TRIPOLI Libyan officials said on Sunday a NATO strike had hit a civilian house in the capital Tripoli, killing nine residents. NATO said it was investigating the claim, which could sow new doubts about its mission.
On another front in the four-month-old battle to force out Libyan leader Muammar Gaddafi, a doctor near Misrata said eight rebel fighters were killed in fighting with government troops, and rockets landed near the city's port.
Early on Sunday Libyan officials took reporters to a residential area in Tripoli's Souq al-Juma district where they saw several bodies being pulled out of the rubble of a destroyed building.
Later, in a hospital, they were shown the bodies of two children and three adults who, officials said, were among those killed in the strike.
Libyan Foreign Minister Abdelati Obeidi said the NATO strike was a "pathetic attempt .... to break the spirit of the people of Tripoli and allow small numbers of terrorists to cause instability and disorder in the peaceful city."
Libyan officials earlier put the death toll at seven but Obeidi said there were nine dead and 18 wounded.
"We will never forgive, we will never forget, we are here; on our land, united with our leader, ready for peace and ready for the fight for our freedom and honor," he told a news conference.
There was no way for reporters to verify that the bodies they were shown came from the building.
"NATO is looking into reports of civilian casualties following NATO air strikes in the early hours of June 19," the alliance said in a statement from Naples, from where it is running the Libyan operation.
"The incident is said to have occurred in a residential area in northern Tripoli, following a deliberate strike which targeted a missile site operated by pro-Gaddafi forces.
"We take all reports of civilian casualties very seriously and we will continue to look into the facts related to this event," the alliance said.
"NATO would be sorry if the review of this incident did indicate that it was caused by a NATO weapon."
If it is proved that Sunday's deaths were caused by a NATO strike, it would be the first acknowledged incident of its kind in the campaign and could weaken the fragile resolve of some countries in the alliance.
NATO has been pounding targets in Libya for months in what it says is an operation to protect civilians who rebelled against Gaddafi's 41-year rule. The Libyan leader says it is an act of colonial aggression designed to steal oil.
Strains are appearing within NATO member states as the campaign drags on for longer than most of its backers anticipated and Gaddafi remains in power -- even making a show of defiance last week by playing chess with a visiting official.
Sunday marked three months since NATO warplanes went into action over Libya.
Defense Secretary Robert Gates said he believed NATO should be allowed to stick at its task. "I think this is going to end OK. I think Gaddafi will eventually fall," he told CNN.
At the scene of the destroyed building on Sunday, clothes, smashed crockery and a rubber duck littered the area.
The building is in a neighborhood where security forces have in the past few weeks put down anti-Gaddafi protests.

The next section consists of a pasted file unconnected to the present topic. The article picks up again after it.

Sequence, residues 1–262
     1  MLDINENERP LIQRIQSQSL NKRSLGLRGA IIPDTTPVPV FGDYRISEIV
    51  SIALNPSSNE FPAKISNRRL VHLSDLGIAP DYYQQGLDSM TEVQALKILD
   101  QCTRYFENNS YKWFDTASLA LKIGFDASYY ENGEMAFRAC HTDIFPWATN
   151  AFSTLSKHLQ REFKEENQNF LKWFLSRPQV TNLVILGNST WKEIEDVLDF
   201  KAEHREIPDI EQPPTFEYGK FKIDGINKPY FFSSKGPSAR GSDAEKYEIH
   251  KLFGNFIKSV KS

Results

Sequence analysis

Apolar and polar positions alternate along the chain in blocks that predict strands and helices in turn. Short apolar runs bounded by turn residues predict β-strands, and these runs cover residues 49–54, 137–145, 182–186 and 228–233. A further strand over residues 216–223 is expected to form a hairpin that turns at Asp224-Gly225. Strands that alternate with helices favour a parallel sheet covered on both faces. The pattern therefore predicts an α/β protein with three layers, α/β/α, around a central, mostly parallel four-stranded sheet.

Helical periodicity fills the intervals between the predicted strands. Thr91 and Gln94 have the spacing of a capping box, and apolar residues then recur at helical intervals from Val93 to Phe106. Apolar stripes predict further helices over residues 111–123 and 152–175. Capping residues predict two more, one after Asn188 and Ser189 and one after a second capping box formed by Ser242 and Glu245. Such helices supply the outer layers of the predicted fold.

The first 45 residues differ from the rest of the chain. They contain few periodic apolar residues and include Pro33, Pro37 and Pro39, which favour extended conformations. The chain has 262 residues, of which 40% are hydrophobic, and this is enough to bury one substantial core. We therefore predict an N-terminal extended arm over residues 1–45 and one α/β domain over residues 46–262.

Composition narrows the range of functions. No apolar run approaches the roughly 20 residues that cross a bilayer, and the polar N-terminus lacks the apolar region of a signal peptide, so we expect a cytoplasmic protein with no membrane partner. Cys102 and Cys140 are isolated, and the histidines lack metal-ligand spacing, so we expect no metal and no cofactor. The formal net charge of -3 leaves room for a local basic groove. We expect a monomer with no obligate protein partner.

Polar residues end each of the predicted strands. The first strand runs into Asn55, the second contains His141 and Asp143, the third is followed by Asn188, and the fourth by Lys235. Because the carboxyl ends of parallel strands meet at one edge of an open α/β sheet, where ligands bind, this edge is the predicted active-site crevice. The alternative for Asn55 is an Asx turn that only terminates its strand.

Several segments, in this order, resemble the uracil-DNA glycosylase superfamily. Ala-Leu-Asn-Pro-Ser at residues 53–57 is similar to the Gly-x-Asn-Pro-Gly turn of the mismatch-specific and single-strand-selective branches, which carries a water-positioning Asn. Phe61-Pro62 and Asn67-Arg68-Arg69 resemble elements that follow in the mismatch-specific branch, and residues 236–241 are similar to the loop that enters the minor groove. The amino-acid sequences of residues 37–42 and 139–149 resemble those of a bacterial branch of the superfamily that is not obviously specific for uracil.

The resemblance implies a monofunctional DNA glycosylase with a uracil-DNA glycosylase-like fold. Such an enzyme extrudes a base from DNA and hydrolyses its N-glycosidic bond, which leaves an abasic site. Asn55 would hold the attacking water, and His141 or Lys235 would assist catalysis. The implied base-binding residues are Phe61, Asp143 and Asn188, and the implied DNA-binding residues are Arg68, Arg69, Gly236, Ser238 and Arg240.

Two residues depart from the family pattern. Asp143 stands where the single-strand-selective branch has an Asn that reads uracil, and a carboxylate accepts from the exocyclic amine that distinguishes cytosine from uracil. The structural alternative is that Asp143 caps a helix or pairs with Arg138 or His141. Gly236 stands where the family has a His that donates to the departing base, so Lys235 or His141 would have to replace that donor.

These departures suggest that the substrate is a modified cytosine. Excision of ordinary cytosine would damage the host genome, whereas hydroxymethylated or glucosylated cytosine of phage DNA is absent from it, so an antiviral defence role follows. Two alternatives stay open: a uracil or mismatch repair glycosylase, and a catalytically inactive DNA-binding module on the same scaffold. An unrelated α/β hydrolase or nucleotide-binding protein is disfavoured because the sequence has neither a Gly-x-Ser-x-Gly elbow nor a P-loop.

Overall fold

"Why is NATO doing this to us? Why?" asked Ibrahim Ali, who said he lived on the same street as the wrecked building. "NATO is a big problem for the Libyan people. NATO doesn't have any business here, this is between the Libyan people."
Another man, who gave his name as Tony, nodded toward the remains of the building and said: "They (local people) don't like this ... But they don't like the regime either."
On at least one occasion, doubts have emerged about the reliability of Libyan claims of civilian casualties.
In one case, officials presented a wounded child as the victim of an air strike but medical staff passed a note to a foreign journalist saying she was hurt in a road accident.
Rebels from the city of Misrata, about 200 km (130 miles) east of Tripoli, have been trying to push west toward the capital but on Sunday they took heavy casualties when they came under fire from pro-Gaddafi forces.
A doctor at a field hospital near the frontline in Dafniyah, just west of Misrata, said eight fighters had been killed and 36 wounded.
A Reuters reporter at the hospital said he saw a procession of pick-up trucks arriving from the front carrying the wounded and the dead, some covered with blankets.
"Gaddafi's forces were underground (in trenches). We were patrolling and they ambushed us," said rebel fighter Mohammed Swelhi, whose friend, Mustafa, was one of two bodies brought in the back of a truck.
On Sunday evening, a Reuters reporter saw three rockets land in Habara residential area near Misrata's port, sending up clouds of smoke and dust. There was no immediate word on any casualties from the rocket strike.
Highlighting strains in the alliance against Gaddafi, Republicans in the Congress have questioned the legality of U.S. involvement and said they may cut funding for it.
The closest rebel presence to Gaddafi's main stronghold in Tripoli is in the Western Mountains region. Its eastern edge is about 100 km south of the capital.
A rebel spokesman there, called Abdulrahman, told Reuters pro-Gaddafi forces tried to attack the town of Kikla on Saturday. "But NATO strikes forced them to retreat," he said.
(Additional reporting by Matt Robinson in Misrata, Hamid Ould Ahmed in Algiers, David Brunnstrom in Brussels, Maria Golovnina in Benghazi and Washington bureau; Writing by Christian Lowe; Editing by Richard Meares)